a) "there is already a relatively clear notion in the public's mind that the "Protestant Bible" and the "Catholic Bible" are two different things. No real concern of confusion there."


b) "Also, there is a problem that there is not really a substitute word in English. We could use the term "Scriptures" but that word is also used by the Catholics."

Minor Quibbles
With respect to (a), Centuri0n pointed out that few printed editions of the Bible specify "Catholic" on the cover (and, he could have pointed out, even fewer specify "Protestant" on the cover). I suppose he may be right about the statistics, but I don't think they particularly help him. The reason that the various Bibles are not labeled with "Catholic" and "Protestant" is that the consumers know the difference. They are typically labeled with a translation name (the "NASB" or "KJV" etc.), which ends up being a proxy for whether the translation is Catholic or Protestant.

With respect to (b), Centuri0n argues that we could simply call ours the "Holy Book." But (a) Catholics already sometimes call Scripture that (see here), so Centuri0n's uncreative alternative label would not help.

Furthermore, it was Protestants popularized the English word "Bible" over the Latin word "Biblia." It was Protestants in England that championed placing the Bible in the Vulgar tongue. In other words, the label was a Protestant label to begin with. The fact that Catholics have adopted the same label for their book (rather than simply translating Biblia Sacra into English) is hardly a compelling reason to change our label.

Major Disagreement

More importantly, the comparison between Christmas and the Bible is non-analogous. I was not suggesting that we should keep a holy day of obligation on December 25, but call it "Jesus' Birthday Party." I was suggesting that we should feel free to disregard December 25 entirely. I think Christians should also feel free to call the Bible the "Holy Book" as you point out, and that we would be rank legalists to insist that it must be called "The Bible," in order to capture conventional public sentiment associated with the word "Bible."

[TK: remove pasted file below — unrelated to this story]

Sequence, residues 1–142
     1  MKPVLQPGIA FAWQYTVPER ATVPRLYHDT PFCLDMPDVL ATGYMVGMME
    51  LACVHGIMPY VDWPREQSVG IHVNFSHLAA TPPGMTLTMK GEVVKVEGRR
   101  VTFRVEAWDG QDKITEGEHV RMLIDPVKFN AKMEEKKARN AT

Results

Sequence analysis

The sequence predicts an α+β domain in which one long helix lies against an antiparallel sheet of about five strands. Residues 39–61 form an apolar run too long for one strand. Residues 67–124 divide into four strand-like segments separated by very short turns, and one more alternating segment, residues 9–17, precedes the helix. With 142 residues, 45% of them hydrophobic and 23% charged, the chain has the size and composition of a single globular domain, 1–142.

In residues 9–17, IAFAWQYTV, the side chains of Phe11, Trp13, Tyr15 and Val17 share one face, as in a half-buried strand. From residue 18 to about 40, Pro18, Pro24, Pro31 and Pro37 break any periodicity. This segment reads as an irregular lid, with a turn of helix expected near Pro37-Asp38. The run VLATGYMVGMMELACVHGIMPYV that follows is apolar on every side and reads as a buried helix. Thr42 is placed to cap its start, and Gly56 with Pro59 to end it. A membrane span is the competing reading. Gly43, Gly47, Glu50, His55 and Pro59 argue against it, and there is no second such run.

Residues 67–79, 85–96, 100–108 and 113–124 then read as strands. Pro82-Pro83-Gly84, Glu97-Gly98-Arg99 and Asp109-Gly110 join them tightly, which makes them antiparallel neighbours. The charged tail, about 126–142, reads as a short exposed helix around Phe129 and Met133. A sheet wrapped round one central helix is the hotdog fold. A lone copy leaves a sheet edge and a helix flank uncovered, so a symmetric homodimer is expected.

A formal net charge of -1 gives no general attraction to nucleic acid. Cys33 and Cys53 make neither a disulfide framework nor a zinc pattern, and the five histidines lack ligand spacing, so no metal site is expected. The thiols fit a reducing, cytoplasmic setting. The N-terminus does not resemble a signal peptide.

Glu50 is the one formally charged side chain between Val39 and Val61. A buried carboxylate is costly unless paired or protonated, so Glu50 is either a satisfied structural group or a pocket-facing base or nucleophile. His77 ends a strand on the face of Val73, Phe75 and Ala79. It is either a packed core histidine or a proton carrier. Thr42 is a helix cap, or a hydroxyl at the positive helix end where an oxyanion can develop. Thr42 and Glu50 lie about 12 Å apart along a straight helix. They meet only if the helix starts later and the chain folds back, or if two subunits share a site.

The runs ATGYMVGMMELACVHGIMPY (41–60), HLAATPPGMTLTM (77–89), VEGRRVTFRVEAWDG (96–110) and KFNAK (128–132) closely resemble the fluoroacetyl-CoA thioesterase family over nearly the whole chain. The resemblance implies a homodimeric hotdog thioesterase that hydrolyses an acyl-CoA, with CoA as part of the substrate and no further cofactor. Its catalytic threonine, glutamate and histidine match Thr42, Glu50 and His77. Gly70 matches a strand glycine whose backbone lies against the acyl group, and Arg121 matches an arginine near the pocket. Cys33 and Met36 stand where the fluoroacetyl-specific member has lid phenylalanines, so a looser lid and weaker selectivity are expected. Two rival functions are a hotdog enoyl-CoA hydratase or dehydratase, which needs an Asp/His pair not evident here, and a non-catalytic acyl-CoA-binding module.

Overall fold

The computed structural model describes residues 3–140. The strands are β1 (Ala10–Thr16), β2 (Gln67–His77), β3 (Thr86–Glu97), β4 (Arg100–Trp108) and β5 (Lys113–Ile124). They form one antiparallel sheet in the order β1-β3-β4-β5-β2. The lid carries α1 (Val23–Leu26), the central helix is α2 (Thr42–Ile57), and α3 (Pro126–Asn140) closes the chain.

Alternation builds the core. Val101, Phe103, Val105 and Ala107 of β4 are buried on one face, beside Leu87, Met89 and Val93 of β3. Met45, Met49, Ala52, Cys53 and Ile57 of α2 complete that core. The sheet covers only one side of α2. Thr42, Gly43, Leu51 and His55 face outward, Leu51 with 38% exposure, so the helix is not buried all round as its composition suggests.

In other word, the attempted reduction to absurdity only demonstrates a similar analytic disconnect to that set forth in part 1 of this series.

May God be glorified,


Part II of my Response of my Response to Centuri0n on Christmas

Part I of my response is provided above, and should be read first (link).

In Part II, I will discuss very briefly Centuri0n's comments on Lord's Day worship:

Centuri0n seems to think that if one took my position to its logical conclusion, one would have to "-- stop worshipping on Sundays" to avoid having the gospel of Scripture be confused with the gospel of the Vatican.

I responded that this "is out, because (a) Rome itself no longer emphasizes Sunday worship, and (b) Scripture requires it."

Centuri0n surprisingly insisted that Rome continues to emphasize Sunday worship (which seems dubious, to anyone who has seen the difference in attendance on days of obligation versus a typical Sunday). Nevertheless, let us suppose out of charity that Centuri0n is right, and that I was mistaken about Rome's deemphasis of Sunday worship. No problem, my second point was sufficient.

Even more surprisingly, Centuri0n challenges the fact that Scripture requires Sunday worship!

I simply point Centuri0n to

The Heidelberg Catechism, Question 103. What does God require in the fourth commandment?

Answer: First, that the ministry of the gospel and the schools be maintained; (a) and that I, especially on the sabbath, that is, on the day of rest, diligently frequent the church of God, (b) to hear his word, (c) to use the sacraments, (d) publicly to call upon the Lord, (e) and contribute to the relief of the poor. (f) Secondly, that all the days of my life I cease from my evil works, and yield myself to the Lord, to work by his Holy Spirit in me: and thus begin in this life the eternal sabbath. (g)